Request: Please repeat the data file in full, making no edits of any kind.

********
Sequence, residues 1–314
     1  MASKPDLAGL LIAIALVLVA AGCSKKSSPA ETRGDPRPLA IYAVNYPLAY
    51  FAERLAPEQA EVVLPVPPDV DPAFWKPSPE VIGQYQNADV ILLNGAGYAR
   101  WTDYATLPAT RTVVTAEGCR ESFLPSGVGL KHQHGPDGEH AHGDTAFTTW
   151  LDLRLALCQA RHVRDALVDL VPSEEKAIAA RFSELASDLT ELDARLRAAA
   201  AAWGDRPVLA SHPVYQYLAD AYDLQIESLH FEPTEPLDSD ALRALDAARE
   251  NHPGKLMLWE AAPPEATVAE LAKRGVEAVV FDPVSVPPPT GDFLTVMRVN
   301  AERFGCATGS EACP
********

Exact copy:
Sequence, residues 1–314
     1  MASKPDLAGL LIAIALVLVA AGCSKKSSPA ETRGDPRPLA IYAVNYPLAY
    51  FAERLAPEQA EVVLPVPPDV DPAFWKPSPE VIGQYQNADV ILLNGAGYAR
   101  WTDYATLPAT RTVVTAEGCR ESFLPSGVGL KHQHGPDGEH AHGDTAFTTW
   151  LDLRLALCQA RHVRDALVDL VPSEEKAIAA RFSELASDLT ELDARLRAAA
   201  AAWGDRPVLA SHPVYQYLAD AYDLQIESLH FEPTEPLDSD ALRALDAARE
   251  NHPGKLMLWE AAPPEATVAE LAKRGVEAVV FDPVSVPPPT GDFLTVMRVN
   301  AERFGCATGS EACP